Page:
NEW YORK Unpaid bloggers have lost their bid to get an appeals court to restore a lawsuit contending AOL Inc AOL.N owes them a cut of the $315 million it spent last year to buy The Huffington Post.
A three-judge panel of the 2nd U.S. Circuit Court of Appeals in New York rejected on Wednesday claims that the bloggers deserved $105 million of the deal's purchase price.
The bloggers, who included social activist and commentator Jonathan Tasini, had claimed they were tricked into supplying free content to the news and opinion website.
They had argued that they gave free content to The Huffington Post on the understanding it would be provided as a public service and wouldn't be sold to a larger media organization.
The case had sought class-action status on behalf of 9,000 unpaid contributors to the website, which was founded in 2005. It was dismissed in March by Manhattan U.S. District Judge John Koeltl.
The 2nd Circuit said there was "no basis" for the bloggers' argument. The court said bloggers were well aware that The Huffington Post was for-profit and understood "they would receive compensation only in the form of exposure and promotion."
While the court said it was "no doubt a great disappointment to find that The Huffington Post did not live up to the ideals plaintiffs ascribed to it," the panel said the bloggers had made no allegations that would support a case for restitution.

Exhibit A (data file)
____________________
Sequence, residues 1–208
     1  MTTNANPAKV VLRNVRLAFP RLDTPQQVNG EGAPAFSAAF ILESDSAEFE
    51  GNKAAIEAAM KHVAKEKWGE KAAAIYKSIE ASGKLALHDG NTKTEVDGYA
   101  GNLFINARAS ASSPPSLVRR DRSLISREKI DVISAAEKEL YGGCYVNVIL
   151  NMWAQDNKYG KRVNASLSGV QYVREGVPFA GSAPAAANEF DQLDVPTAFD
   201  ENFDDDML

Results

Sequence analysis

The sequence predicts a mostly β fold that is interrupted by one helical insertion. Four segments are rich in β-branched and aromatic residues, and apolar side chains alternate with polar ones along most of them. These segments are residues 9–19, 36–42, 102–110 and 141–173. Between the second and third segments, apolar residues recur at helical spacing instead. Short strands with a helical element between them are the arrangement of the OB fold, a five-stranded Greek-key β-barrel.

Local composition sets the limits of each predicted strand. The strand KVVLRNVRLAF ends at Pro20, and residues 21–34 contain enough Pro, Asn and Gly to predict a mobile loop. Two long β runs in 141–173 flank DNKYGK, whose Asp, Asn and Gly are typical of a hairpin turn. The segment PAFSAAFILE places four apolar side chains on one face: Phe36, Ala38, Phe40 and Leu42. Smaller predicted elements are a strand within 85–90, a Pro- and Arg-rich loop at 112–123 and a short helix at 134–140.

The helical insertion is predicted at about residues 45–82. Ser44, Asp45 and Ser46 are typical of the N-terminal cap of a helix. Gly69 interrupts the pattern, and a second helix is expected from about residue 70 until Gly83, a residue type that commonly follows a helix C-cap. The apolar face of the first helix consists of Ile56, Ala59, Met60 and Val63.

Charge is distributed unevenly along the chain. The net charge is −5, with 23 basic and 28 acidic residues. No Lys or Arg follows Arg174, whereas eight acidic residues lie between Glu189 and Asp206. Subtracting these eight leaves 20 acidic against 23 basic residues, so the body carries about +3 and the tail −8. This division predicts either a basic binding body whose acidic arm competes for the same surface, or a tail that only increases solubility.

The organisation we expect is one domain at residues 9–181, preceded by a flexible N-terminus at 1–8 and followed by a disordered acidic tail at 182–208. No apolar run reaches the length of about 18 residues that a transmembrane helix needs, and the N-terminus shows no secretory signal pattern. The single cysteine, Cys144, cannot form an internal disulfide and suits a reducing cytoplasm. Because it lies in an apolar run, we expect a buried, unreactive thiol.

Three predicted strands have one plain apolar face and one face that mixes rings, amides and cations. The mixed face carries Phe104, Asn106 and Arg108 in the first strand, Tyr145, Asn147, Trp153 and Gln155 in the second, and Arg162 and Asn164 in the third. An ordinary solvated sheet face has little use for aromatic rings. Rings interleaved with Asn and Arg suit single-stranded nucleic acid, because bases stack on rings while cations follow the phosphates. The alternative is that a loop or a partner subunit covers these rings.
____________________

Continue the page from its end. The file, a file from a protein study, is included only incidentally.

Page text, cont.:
"We have always believed this case had no merit, and are pleased that the 2nd Circuit Court agreed with us," said Rhoades Alderson, a spokesman for The Huffington Post.
Valeria Calafiore Healy, a lawyer for the bloggers, said the appeals court "showed much more sympathy for the journalists' position" than Judge Koeltl, "but wasn't willing to find the district court abused its discretion."
"That doesn't mean that what HuffPo did was right - it wasn't," she said in a statement.
The case is Tasini v. AOL Inc, 2nd U.S. Circuit Court of Appeals, No. 12-1428.
(Reporting By Nate Raymond in New York; Editing by Martha Graybow and Tim Dobbyn)
Trending On Reuters
After U.S. markets closed Friday, Alphabet replaced Google as the publicly traded company that will house Google's search and Web advertising businesses, maps, YouTube and its "moonshot" ventures such as driverless cars. Story